NOSintro – TCP/IP over Packet Radio

An Introduction to the KA9Q Network Operating System

by Ian Wade, G3NRW

Chapter 30: GOING LIVE: PREPARING THE FILES

 

When you feel that you’re familiar enough with NOS to use it in a live on-air environment, you need to modify many of the control files already described, before turning on the radio. Otherwise you’ll pop up on the channel as NS9BOB, and then everyone will know which book you’ve been reading ..!

This chapter summarises the changes that you need to make. In several instances you may delete a file altogether if you don’t need it — you still have a read-only master copy in /public/masters to fall back on if you change your mind.

 

The Files to Change

/alias: (see page 311)   Set up a list of aliases appropriate for your environment (or delete the file altogether if you don’t need it).

/domain.txt(pages 318–319)   Replace domain.txt with a file containing real hostnames and IP addresses. To minimise address seek times, put the most frequently contacted stations at the front of the file, and remove all unnecessary comments. Make sure that the loopback address is included.

/ftpusers(pages 322–323)   Add real user entries to this file. For all users having access to sensitive directories, assign a login name which is longer than 6 characters, to prevent access by ordinary AX.25 stations. Check this file very carefully, and test it off-line with the bbs and ftp loopback commands, to make sure that nobody can do dangerous things to your filesystem.

/net.rc(page 324)   Remove this file if you don’t need it. Otherwise replace the existing entries with real parameters.

/popusers(page 326)   Remove this file if you don’t need it. Otherwise replace the existing entries with real names/passwords.

/signatur(page 327)   Change the text in this file to suit your own environment. Note that this file is used by PCElm, which appends it to the end of every message which you send. The file is ignored by the built-in NOS BBS.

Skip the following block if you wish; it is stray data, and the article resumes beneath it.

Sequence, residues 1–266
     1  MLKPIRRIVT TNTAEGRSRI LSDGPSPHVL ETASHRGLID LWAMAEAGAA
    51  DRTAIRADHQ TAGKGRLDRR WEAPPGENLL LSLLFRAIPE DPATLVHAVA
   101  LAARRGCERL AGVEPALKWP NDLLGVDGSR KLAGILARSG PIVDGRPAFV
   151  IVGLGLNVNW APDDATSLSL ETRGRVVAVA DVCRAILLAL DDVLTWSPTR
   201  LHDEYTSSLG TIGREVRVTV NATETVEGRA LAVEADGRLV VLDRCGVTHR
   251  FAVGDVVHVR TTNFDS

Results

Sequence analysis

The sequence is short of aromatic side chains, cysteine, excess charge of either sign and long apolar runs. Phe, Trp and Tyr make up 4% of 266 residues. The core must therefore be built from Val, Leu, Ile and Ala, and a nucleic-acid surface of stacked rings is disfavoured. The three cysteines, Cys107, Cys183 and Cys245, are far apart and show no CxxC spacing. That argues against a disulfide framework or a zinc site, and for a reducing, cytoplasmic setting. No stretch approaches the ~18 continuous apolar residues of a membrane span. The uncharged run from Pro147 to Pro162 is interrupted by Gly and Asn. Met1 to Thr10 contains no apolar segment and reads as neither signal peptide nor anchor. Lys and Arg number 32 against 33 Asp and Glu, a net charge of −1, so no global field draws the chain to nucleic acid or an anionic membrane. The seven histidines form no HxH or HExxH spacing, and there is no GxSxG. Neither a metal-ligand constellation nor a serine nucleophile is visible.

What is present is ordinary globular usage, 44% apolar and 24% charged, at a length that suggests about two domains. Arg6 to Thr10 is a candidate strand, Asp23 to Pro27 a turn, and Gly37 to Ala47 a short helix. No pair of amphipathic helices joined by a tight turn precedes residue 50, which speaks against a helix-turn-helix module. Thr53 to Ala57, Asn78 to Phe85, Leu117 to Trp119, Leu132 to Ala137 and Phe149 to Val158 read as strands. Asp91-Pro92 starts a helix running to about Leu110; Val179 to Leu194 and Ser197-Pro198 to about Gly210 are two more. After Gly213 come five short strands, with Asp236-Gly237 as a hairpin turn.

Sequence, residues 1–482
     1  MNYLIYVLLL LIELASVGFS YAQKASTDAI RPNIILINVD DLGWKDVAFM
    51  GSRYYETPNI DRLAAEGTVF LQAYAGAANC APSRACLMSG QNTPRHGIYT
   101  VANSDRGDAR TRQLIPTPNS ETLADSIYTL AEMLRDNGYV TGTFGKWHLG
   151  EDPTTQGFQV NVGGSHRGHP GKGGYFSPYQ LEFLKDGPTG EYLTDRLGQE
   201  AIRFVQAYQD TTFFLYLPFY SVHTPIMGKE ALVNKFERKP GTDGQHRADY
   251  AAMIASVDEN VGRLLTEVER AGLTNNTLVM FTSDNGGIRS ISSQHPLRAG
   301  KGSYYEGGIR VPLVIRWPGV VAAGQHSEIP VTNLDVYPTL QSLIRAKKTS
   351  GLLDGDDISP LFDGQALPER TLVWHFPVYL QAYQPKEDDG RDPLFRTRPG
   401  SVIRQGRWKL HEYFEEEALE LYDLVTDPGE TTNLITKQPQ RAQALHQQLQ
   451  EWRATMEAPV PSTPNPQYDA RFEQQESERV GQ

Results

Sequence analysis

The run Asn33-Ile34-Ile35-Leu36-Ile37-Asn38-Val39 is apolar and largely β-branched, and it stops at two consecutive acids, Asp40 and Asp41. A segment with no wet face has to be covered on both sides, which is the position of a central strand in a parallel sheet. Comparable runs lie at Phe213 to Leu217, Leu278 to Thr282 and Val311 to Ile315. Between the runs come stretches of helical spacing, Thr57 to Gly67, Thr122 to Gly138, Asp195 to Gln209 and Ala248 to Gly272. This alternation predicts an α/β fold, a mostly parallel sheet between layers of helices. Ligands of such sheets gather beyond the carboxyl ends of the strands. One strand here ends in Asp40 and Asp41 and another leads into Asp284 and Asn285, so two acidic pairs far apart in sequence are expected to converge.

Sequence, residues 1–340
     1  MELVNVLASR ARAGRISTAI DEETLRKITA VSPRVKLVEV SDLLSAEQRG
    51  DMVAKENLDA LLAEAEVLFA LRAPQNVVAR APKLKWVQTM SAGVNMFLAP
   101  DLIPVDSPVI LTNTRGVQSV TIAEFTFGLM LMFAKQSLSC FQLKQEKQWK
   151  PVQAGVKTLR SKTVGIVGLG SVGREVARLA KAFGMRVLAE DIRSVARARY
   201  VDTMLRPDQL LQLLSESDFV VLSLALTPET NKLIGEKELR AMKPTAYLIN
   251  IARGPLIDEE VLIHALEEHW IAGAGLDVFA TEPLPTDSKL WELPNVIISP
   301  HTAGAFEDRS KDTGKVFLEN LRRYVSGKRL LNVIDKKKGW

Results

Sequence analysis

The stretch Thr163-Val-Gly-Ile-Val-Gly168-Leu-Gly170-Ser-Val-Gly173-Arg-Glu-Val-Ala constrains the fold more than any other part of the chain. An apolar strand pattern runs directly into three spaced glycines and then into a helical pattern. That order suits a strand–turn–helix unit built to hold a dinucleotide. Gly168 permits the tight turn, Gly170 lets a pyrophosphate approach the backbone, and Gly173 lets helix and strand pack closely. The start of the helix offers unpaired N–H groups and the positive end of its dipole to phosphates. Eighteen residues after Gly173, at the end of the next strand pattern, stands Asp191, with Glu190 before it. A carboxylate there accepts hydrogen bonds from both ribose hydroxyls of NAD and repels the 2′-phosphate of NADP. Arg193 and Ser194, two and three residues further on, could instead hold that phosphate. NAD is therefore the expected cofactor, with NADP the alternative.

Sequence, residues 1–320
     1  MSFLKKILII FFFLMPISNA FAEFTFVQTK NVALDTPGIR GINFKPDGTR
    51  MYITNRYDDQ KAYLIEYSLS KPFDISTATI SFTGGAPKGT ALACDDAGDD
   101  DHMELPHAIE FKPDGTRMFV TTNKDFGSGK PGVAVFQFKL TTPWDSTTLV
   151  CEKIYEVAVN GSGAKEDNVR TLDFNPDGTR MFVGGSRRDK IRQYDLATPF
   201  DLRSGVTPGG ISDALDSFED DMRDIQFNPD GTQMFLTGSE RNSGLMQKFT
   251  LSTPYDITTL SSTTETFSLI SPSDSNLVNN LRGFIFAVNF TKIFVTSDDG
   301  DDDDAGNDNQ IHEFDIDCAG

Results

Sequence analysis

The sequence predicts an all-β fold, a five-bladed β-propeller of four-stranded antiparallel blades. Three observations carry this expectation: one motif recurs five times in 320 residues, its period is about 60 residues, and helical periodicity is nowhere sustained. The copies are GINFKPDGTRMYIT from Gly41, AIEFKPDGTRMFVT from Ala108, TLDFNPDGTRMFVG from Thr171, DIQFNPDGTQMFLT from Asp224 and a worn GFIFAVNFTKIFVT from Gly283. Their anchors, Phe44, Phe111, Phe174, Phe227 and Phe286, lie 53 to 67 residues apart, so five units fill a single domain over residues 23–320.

/autoexec.nos(pages 312–317)   Change the following lines, or comment them out with the # character:

motd
domain addserver
ip address
hostname
ax25 mycall
ax25 bctext
ifconfig tnc0 description
netrom call
netrom alias
netrom route add
netrom nodefilter add
arp add netrom
route add
ax25 route add
third-party
smtp gateway
mbox motd
mbox qth
mbox zipcode
mbox fwdinfo
mbox haddress
mbox password
popmail addserver
popmail kick

Remember that you can create many different autoexec.nos files, with different names. Then you can specify which particular file to use in STARTNOS.BAT (or even create several versions of STARTNOS.BAT files for different scenarios).

/finger/sysop(page 329)   Delete this file, and replace with one or more files for users on your system. Filenames in this directory do not have an extension.

/scripts/kisson.dia(page 324)   If you permanently run your tnc in KISS mode, this script is superfluous. Otherwise change:

MYCALL
MID

/spool/areas(page 311)   Change this file as required. N.B. The first character on all comment lines must be a space.

/spool/forward.bbs(page 321)   Remove this file altogether if you are not planning to forward mail onto the AX.25 PBBS network. Otherwise replace the existing entries with real data.

/spool/rewrite(page 327)   Remove this file altogether if you don’t need it. Otherwise replace the existing entries with real data. Test the file thoroughly with the radio switched off, to make sure that addresses are replaced correctly.

/spool/signatur/ns9bob.sig:   Delete this file. Replace with similar .sig files for every NOS BBS login username (if you really need signatures, that is). N.B. The built-in NOS BBS uses these files; PCElm does not.

N:\NOSENV.BAT(page 325)   Change the timezone (TZ) variable to the local timezone abbreviation; e.g. SET TZ=PST

N:\PCELM.RC:   Change the parameters as required if you plan to use PCElm.

 

The First Tests

Having made the necessary changes to all these files, start NOS with the radio switched off, and make sure that no errors are reported during startup. If strange things happen when NOS reads autoexec.nos, it may be useful to start up with the -v (verbose) option, to get a detailed trace of what happens at startup time. For example:

N:\> NOS_20M -V /autoexec.nos

Then try sending mail to yourself, and transferring files to and from yourself with ftp. In fact, try everything described so far in this book, to make absolutely sure that NOS is behaving.

If everything is looking good, you’re ready to go live!

In fact, you can now, ...... at last .......................................................

 

 

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